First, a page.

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Leveraging Biology to Prevent Familial Colon Cancer

Photo of familial adenomatous polyposis patient, Gregg.

Gregg, a clinical trial participant with familial adenomatous polyposis

Colon cancer has run in Gregg’s family for generations, and it caused his mother’s death when she was only 47 years old.

No one knew why the risk of this cancer was so high in his family or how to prevent it. All that changed in 1991, when NCI-funded researchers identified the APC gene, which, when mutated, greatly increases the risk of colon cancer. They used the Utah Population Database to trace the mutated gene to a family that had settled there in the 1850s.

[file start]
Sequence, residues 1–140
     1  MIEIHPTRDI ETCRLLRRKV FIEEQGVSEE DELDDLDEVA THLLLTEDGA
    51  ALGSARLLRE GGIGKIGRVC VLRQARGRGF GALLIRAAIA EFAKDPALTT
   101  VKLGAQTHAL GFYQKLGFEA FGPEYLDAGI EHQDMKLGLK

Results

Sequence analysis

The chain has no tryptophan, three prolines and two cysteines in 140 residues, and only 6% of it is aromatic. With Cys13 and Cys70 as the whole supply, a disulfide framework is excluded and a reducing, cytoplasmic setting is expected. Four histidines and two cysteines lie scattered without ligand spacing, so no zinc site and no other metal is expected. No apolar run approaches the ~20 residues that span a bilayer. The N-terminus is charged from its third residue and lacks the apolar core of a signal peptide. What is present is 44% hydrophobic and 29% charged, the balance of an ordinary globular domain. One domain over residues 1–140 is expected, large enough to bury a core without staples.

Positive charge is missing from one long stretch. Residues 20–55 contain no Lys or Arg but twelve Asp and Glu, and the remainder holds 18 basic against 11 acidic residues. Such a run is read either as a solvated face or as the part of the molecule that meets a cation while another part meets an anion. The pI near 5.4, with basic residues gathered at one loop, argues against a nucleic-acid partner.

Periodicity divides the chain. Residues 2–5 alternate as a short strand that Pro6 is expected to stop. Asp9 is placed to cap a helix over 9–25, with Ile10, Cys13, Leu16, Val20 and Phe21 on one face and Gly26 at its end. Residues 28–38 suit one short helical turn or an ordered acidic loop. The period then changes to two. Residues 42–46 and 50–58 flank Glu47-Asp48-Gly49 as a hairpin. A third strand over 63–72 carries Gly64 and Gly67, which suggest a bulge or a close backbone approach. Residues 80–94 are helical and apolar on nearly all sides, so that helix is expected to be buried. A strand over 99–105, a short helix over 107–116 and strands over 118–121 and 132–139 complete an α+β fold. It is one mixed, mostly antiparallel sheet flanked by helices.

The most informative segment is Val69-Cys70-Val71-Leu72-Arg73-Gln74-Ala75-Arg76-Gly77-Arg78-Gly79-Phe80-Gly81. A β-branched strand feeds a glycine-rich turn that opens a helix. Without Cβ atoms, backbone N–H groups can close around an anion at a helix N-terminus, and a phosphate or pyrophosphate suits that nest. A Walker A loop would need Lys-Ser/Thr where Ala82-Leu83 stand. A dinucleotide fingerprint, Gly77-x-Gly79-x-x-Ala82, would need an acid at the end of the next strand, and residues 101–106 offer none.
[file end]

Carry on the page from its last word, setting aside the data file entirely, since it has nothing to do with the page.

It turned out that Gregg and half of his relatives had the APC mutation and a condition called familial adenomatous polyposis (FAP), in which numerous polyps form in the colon beginning at an early age. In the past, Gregg’s colonoscopies typically revealed hundreds of polyps, with dozens of advanced ones that needed to be removed.

Recently, he participated in an NCI-funded phase 2 clinical trial at the Huntsman Cancer Institute at the University of Utah evaluating whether a combination of the drugs erlotinib (Tarceva) and sulindac could reduce the burden of polyps in people with FAP. The treatment worked. Gregg recalled that at the end of the trial his polyps had shrunk so much that “the doctors couldn’t see them anymore.”

He is thankful for this research, which gives him, his family, and many others greater hope for the future. “I get to play a small part in this progress,” reflected Gregg.

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